This chapter is the (only) theoretical chapter in the book. It details the difference between data-driven and business-driven APIs and explains when one model is preferable over the other. It then explains how constraint modeling fits into the data binding picture and how data binding makes XML invisible to the application developer.
This chapter is the first detailed introduction to data binding. It explains the process of taking a set of XML constraints and converting those constraints into a set of Java source files. It details how this is accomplished using the JAXB API and then explains how the resultant source files can be compiled and used in a Java application.
This chapter continues the nuts-and-bolts approach to teaching data binding. It covers the process of converting XML documents to Java objects and how the data should be modeled for correct conversion. It also details the use of resultant Java objects.
This chapter details the conversion from Java objects to XML documents. It explains the overall process flow, as well as the implementation-level steps involved in marshalling. It also covers creating data binding process loops, ensuring that data binding can occur repeatedly in applications.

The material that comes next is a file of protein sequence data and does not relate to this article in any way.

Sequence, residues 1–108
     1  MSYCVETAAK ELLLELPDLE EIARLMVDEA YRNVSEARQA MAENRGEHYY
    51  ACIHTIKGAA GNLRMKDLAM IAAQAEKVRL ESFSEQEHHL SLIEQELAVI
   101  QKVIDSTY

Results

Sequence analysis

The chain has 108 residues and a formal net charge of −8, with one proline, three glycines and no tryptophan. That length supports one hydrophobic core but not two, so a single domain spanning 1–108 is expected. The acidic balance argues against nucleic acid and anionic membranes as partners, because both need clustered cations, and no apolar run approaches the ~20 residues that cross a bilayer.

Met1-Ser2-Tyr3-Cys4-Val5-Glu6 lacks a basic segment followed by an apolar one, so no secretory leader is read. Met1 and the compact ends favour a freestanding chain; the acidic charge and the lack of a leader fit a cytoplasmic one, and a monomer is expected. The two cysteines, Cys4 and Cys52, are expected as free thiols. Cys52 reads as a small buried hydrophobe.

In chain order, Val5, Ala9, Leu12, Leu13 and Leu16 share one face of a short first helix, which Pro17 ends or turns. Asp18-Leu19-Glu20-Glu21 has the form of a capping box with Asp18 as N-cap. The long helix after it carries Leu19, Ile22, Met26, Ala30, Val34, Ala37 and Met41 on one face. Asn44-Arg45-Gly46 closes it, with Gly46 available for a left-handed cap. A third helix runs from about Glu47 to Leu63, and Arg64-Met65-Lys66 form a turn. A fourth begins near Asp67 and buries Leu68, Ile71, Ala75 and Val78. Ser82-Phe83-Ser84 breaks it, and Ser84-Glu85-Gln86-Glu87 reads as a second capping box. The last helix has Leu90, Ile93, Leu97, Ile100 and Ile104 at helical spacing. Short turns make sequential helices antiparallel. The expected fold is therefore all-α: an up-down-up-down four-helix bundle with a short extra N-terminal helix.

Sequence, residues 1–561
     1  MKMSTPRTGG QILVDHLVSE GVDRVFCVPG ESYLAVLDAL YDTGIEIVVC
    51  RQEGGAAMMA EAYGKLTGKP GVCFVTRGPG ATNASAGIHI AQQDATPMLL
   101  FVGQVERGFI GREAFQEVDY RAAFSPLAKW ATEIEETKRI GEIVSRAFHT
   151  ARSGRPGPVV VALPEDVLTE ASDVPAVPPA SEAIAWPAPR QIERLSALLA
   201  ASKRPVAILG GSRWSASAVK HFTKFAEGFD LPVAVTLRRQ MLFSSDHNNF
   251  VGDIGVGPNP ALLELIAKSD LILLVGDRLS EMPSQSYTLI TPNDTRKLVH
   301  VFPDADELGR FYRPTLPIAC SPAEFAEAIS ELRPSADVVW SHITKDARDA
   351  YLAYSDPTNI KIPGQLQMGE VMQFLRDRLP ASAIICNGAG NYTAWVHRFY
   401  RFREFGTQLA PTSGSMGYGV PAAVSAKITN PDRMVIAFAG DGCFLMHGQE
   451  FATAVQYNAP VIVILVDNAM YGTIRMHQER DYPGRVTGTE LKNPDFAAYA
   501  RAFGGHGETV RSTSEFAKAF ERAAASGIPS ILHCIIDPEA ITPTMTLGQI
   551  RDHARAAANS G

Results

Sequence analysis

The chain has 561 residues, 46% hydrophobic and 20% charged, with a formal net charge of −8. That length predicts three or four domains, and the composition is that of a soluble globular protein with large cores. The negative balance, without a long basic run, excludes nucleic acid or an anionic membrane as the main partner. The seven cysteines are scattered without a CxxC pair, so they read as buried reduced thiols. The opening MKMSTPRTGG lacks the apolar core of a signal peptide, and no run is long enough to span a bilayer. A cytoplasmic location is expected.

This chapter focuses on binding schemas and how they can customize transformation from XML to Java. Every option in binding schemas is examined and discussed both technically and practically.
This chapter begins an exploration of alternate data binding packages with Zeus. The coverage is based on the explored JAXB concepts and compares Zeus operation to the techniques already discussed in previous chapters. Particular attention is paid to Zeus enhancements that are not in the JAXB API.
This chapter continues exploration of alternate data binding implementations by looking at Castor. This open source alternative was the first major data binding implementation available and offers many features not present in JAXB. These features, as well as process variations, are all covered in this chapter.
Quick is another open source data binding API, and this chapter details its ins and outs. You’ll see that Quick offers ideas and processes that are entirely different from most data binding frameworks and you’ll learn how those differences can be put to work in your applications.
This chapter looks at the future of data binding. It covers the final version of JAXB, as well as expectations for the next JAXB release. It also covers how alternate data binding implementations are likely to change with a JAXB 1.0 release and looks at JAXB in light of the J2EE platform.
This appendix details all the options for the tools provided by various data binding APIs. It can be used as a quick reference for each chapter and for your own programming projects.
This appendix details several source files used by the examples in the Quick chapter.